F or the co-founders of the money transfer firm Wise, who will become billionaires when their fintech company lists on the London Stock Exchange in the coming days, the venture began as a way to outsmart the big City beasts whose ranks they are about to join.
Wiseâs chief executive, Kristo KÃ¤Ã¤rmann, has blogged about how he and his business partner, Taavet Hinrikus, set up Wise due to frustration with the âhidden exchange rate markupsâ that banks charge for cross-border transfers.
While working for Deloitte in London, KÃ¤Ã¤rmann wanted to transfer his Â£10,000 Christmas bonus to an Estonian account and was staggered to be slapped with a â¬500 charge.
At a party, he met Hinrikus, who already had startup success under his belt as the first ever employee of Skype and its former director of strategy.Fintech firm Wiseâs direct listing plan buoys City of London Read more
Hinrikus was similarly irked by being hit with disadvantageous exchange rates wiring money to the UK. The pair, both now 40, came up with an innovative workaround. Each month, theyâd look up the true exchange rate. Hinrikus would put money into KÃ¤Ã¤rmannâs Estonian account in kroon, the local currency. KÃ¤Ã¤rmann would top up Hinrikusâs UK account with pounds sterling.
âIt felt like we had outsmarted a system that was built to fleece us,â writes KÃ¤Ã¤rmann. âIt felt good.â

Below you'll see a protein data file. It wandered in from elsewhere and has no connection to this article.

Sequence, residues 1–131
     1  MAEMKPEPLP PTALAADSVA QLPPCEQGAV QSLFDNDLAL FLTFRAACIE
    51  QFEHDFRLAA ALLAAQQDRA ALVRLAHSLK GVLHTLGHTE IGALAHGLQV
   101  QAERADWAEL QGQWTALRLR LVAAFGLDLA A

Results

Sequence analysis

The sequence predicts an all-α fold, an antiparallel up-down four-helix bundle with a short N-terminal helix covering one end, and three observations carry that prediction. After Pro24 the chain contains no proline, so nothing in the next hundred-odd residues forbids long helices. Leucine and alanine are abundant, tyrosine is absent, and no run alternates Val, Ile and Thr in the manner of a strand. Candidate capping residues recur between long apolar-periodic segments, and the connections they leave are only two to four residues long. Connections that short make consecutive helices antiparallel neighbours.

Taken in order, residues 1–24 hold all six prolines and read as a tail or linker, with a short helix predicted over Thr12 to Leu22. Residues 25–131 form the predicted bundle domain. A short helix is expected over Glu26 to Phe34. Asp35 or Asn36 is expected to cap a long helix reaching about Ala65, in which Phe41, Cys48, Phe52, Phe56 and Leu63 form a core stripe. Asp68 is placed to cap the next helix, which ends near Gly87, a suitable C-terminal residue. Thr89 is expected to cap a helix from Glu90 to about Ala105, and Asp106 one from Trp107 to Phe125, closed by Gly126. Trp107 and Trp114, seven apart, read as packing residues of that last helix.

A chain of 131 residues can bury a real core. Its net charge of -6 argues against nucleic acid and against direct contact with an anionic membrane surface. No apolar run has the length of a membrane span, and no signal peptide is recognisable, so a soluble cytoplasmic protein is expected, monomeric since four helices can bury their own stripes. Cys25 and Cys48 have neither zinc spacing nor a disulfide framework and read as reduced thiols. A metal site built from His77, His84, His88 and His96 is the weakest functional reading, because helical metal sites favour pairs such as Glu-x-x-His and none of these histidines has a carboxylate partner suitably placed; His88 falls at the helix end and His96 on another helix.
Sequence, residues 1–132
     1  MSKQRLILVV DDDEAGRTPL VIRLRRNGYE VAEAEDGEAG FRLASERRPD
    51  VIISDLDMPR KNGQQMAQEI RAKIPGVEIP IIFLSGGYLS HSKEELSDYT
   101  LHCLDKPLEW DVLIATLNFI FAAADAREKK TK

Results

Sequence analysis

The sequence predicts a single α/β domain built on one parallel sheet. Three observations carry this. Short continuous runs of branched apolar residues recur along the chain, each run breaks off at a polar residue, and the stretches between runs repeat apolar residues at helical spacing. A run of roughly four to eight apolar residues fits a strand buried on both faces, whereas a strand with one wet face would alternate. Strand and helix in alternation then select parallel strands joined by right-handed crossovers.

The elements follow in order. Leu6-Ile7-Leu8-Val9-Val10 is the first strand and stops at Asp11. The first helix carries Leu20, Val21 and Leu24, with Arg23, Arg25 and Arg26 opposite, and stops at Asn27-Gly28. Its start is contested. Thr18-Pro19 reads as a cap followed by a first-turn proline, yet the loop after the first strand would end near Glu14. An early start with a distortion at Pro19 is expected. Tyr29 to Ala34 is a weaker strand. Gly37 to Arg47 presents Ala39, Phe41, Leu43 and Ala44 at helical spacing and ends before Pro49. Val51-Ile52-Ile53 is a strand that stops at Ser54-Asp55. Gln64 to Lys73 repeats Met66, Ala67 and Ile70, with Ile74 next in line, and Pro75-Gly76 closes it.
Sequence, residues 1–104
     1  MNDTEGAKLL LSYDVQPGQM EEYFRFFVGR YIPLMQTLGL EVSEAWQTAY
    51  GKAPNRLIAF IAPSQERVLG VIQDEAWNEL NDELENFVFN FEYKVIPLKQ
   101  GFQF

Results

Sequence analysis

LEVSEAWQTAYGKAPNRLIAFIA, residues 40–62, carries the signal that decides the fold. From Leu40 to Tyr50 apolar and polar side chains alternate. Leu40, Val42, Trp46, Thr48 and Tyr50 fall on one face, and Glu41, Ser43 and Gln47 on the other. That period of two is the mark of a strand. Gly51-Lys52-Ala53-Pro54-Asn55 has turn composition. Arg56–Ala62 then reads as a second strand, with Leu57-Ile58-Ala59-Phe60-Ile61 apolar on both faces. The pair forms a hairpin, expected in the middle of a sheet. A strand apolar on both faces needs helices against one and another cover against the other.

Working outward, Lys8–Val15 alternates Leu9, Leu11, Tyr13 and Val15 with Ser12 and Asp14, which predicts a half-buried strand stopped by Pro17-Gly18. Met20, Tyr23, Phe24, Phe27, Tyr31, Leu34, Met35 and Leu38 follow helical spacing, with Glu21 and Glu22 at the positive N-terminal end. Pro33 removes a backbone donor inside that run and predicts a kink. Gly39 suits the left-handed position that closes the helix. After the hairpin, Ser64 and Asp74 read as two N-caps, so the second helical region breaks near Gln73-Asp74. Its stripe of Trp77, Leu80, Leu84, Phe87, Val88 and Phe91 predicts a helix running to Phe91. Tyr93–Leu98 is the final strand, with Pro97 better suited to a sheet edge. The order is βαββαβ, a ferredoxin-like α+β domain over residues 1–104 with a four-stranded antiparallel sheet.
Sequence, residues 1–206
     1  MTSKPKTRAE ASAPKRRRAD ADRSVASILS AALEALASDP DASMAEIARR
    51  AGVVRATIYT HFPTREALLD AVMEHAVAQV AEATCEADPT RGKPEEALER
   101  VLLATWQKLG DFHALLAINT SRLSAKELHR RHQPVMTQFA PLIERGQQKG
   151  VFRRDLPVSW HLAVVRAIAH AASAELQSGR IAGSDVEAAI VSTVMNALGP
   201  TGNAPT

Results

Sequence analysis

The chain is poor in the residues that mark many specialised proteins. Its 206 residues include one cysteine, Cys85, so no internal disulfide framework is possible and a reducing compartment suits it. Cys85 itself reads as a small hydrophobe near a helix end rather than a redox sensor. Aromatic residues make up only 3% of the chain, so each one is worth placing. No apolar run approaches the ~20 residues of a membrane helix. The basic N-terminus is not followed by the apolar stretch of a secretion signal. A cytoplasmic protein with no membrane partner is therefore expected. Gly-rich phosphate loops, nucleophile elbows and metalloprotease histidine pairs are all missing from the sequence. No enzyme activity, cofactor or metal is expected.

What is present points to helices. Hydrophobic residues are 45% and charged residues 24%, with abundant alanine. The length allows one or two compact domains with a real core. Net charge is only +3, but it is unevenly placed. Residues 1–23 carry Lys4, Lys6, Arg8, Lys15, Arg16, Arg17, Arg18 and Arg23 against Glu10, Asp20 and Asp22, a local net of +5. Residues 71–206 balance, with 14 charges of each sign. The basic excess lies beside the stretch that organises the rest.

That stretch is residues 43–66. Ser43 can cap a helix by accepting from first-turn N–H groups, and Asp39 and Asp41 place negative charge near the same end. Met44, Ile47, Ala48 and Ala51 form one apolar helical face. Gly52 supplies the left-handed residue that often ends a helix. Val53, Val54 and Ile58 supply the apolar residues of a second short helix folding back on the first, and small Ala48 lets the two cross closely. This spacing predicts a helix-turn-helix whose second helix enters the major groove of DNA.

Ten years on, the idea is about to make them billionaires, if they reach the Â£9bn valuation they are rumoured to be hoping for.
The two have already been estimated as the richest men in Estonia, thanks to the growth of Wise, previously known as TransferWise. Success building a cross-border tech business has even led to them working with the Estonian government on Covid-19 immunity passports.
First job shadow day as lingerie salesman for @KrissSoonik in Paris. danger of a black hole forming due to concentration of busty show-ware— Kristo KÃ¤Ã¤rmann (@kaarmann) January 21, 2011
Progress was slow at first, they have said. They faced multiple rejections from European investment groups and KÃ¤Ã¤rmann pitched in answering calls on the customer service desk in the early days.
These days, he lives a very different life and also uses his Twitter account to help boost his wifeâs lingerie business.
KÃ¤Ã¤rmann is active on social media, which he uses to promote a business that now claims to have had nearly 6 million active customers in 2021.